Poor James. A rhino kills his mum and dad and he is sent to live with his repulsive aunts at the top of a lonely hill. Just when life can’t get any worse, a dropped packet of magical crocodile tongues make the tree in the garden spout a gigantic peach, which is where the fun begins.
There is something so delightfully wicked about Roald Dahl’s books. We rejoice when the baddies come to a sticky end – what could be stickier than being squashed to death by a giant peach? Be gone repulsive aunts! Not everyone feels the same though – the book is number 56 on the ‘100 Most Frequently Challenged Books: 1990–2000’ according to the American Library Association. I find it hard to believe people seriously object to this book – enough for it to make a list. I guess Grimm Fairy Tales would probably be off the menu for those folks.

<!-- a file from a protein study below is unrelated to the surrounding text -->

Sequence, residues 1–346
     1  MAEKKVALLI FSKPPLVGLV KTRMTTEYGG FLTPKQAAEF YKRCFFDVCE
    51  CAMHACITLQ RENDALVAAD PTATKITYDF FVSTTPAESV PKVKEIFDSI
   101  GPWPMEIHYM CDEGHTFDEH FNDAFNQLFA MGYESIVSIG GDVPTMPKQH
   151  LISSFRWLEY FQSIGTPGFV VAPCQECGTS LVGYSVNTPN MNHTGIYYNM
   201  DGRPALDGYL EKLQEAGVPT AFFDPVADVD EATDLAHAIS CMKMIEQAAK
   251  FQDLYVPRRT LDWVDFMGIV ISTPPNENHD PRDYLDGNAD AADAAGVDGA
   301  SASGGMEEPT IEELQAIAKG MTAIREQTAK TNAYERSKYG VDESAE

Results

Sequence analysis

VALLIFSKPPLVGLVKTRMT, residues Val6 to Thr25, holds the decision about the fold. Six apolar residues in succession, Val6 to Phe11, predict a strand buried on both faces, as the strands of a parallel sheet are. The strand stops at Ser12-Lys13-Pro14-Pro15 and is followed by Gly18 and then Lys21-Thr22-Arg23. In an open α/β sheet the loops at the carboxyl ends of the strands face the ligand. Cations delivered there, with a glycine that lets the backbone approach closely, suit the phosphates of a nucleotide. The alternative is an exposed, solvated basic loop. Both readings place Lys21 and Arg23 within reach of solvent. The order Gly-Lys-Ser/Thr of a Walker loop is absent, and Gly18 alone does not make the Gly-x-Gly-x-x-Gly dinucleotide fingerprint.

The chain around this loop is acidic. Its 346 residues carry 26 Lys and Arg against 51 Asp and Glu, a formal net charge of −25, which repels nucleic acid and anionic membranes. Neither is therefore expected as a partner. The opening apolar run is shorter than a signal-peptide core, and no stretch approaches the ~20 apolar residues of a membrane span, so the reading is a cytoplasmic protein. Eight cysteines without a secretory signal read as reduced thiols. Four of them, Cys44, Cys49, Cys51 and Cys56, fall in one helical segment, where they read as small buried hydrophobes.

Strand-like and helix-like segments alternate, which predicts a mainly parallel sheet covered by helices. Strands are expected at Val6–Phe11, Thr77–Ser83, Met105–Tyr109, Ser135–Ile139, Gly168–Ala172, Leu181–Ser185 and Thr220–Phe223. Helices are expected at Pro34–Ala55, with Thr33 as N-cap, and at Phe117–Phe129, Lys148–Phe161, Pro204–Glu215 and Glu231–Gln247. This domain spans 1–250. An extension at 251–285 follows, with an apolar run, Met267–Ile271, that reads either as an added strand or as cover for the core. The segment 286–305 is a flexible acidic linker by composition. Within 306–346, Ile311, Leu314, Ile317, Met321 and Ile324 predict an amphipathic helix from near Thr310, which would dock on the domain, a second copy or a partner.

The only objection I have to the book is that I always thought the giant peach looked like a giant bottom. See what I mean?
James and the Giant Peach
Author: Roald Dahl
Illustrator: Nancy Ekholm Burkert
Fruity fact one: I love blackberry picking in autumn.
Fruity fact two: Banana milkshake rocks my socks.
Fruity fact three: I once scrumped apples. They were wormy and horrible.
Fruity fact four: Segments of orange go lovely with smoked salmon fillets.
Fruity fact five: Strawberries and grapes are nice in salads.